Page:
“Blood Moon” by Elizabeth Fenley
I hate people. So breakable.
The skin under my tattoo starts to itch again. I try not to scratch it. I recite the lyrics to Tool’s “Eulogy” in my head but give up after “You claimed all this time that you would die for me” and dig my chewed up nails across it until it bleeds. I tug my black sleeve down over the blood. I don’t bother looking at the tattoo or the damage. In an hour it will be healed-- again.
Tonight is the blood moon—and the vernal equinox. Intense, in a bad way. And why my tattoo itches.
“Teegen, you’ve been quiet today,” the annoyingly pretty and cheerful therapist across the circle of chairs says. “Is there something you would like to discuss with the group? Maybe you’d like to share what’s on your mind. I thought perhaps you might be feeling troubled.”
“If I wasn’t ‘troubled,’ I’d pretty much be in the wrong place wouldn’t I? I mean, have you looked around?” I gesture at the whack-a-doodles and junkies sitting around me. “Or are you retarded? Cuz I’m not playing the Cuckoo’s Nest version of Duck, Duck, Paranoid Schizophrenic.”
Her pupils contract, and one of her lower eyelids twitches.
Score One for me.
But her stupid smile doesn’t falter. “I think you might sound a little angry or defensive today. Maybe you’d like to talk about it. You don’t have to tell us why, just what emotion you’re feeling at the moment.”
“What am I feeling? Let’s see… bored because this is stupid, frustrated because you are an imbecile, annoyed because group therapy is a complete fucking waste of time—have you actually read anything about the ineffectiveness of forced group therapy? Cognitive behavioral therapy is 90% more effective one on one, and for it work in a group setting it requires similar diagnoses and mutual trust. Try reading the DSM-VI. I feel apathetic because I don’t give a shit about anybody else’s problems, pissed off at the doctor who tossed me in here for having ‘auditory command hallucinations and delusions of supernatural powers’ which I don’t, and my ass is asleep from sitting in this cheap fucking plastic chair. And now that I think about it, fuck this chair.” I stand up and kick the chair, knowing it won’t go anywhere because it—like everything else in here—is bolted to the floor. “And fuck you, bitch, and now while I’m at it, fuck the rest of you too.”
I walk through the circle and toward the door. The “orderlies” at the door step toward me, but I wave them off, “Back off, Thing 1 and Thing 2. I’m out.”
“Teegen, you know that if you skip Group you won’t be allowed in the cafeteria or the commons rooms for the rest of the day, don’t you?” she calls after me.
“So fucking what? Don’t go there anyway.” I’m halfway through the door, and at least the orderlies haven’t grabbed me. I hate it when they put their hands on me. I despise being touched—by anyone.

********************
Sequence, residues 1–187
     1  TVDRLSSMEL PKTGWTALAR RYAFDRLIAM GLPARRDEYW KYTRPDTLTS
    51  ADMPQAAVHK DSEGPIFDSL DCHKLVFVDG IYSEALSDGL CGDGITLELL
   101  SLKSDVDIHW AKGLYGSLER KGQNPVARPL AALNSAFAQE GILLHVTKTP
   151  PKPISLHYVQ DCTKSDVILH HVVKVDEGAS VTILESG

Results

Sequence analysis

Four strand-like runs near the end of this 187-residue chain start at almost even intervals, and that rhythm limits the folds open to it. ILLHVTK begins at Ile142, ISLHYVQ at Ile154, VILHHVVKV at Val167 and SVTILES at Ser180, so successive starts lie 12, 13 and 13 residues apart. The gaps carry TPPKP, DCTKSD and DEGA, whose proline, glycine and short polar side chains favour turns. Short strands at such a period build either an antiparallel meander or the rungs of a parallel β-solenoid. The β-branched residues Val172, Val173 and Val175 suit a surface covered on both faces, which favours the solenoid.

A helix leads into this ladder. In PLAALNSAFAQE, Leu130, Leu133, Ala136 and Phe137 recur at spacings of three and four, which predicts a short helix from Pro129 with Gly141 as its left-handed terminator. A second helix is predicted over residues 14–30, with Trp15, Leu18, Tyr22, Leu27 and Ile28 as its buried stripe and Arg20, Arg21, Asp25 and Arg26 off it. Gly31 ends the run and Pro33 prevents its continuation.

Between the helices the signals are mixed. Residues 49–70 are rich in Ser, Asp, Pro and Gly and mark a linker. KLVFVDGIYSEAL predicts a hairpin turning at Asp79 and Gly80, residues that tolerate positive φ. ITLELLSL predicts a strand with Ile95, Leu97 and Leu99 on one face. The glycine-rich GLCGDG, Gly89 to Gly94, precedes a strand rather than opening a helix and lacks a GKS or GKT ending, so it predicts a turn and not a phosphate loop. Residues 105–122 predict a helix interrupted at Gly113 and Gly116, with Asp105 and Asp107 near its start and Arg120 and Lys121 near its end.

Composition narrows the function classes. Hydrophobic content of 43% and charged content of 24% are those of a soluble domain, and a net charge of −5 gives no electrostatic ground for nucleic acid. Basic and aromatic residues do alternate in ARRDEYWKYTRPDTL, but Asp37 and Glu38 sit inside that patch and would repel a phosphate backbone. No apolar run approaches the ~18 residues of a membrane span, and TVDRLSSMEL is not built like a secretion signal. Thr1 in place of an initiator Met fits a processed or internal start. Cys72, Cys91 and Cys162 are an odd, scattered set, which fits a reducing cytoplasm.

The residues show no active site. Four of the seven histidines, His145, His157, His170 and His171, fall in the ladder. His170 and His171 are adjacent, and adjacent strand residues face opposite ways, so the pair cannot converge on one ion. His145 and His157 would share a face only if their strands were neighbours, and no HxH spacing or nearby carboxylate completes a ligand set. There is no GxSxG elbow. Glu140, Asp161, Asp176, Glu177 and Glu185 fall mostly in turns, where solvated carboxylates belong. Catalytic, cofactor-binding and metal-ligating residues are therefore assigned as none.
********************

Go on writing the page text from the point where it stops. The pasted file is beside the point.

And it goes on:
I walk down the deserted hall. The beige and green speckled tile floors are polished, and the walls are painted a sickeningly sunny yellow. I feel like drawing one of those annoying smiley faces on it—and then drawing bloody bullet holes on it. The ceiling is painted like cheesy summer sky with fluffy cotton ball clouds. They should just add rainbows and red balloons floating cheerfully away.
It doesn’t smell like a hospital or cleaning chemicals or the nurses’ perfume or anything—I can’t stand that. It never smells like anything except in the cafeteria—which is through two locked doors from here. The tvs in the break rooms are turned off so that no one can watch during group, and no one can turn it on or off or change channels without the Secret Passcode. I pass the nurses’ station, ignoring whatever inane questions they are trying to ask me, and get to my room at the end of the hall.
It’s the smallest on the hall, like it used to be a closet or something. But I have it all to myself. I’ve been moved four times for “problems accepting roommates.” They finalized realized they should let me be alone.
The walls are Industrial Depression Grey, unlike my other rooms which were painted a variety of soothing greens, calming blues, and powdery lavenders. Gag.
The only thing I hate about this room is that it doesn’t have a door—none if them do. There’s a little swinging old west saloon half door on the bathroom with privacy in the middle, open at the top and the bottom. Fortunately, only the 15 minute “Wellness Check” orderlies walk by this end of the hall, so there’s not a lot of traffic. The crazy chick in the room next to me screams a lot—in a bunch of different voices. I want to put a pillow over her face to shut her up.
The lady with the grey hair who always wears her nightgown wanders up and down the hall at night, even though the orderlies keep putting her back in her room. She calls them all Paul. She calls everybody Paul. Sometimes I wonder who they hell Paul is—and then I remember I don’t give a fuck.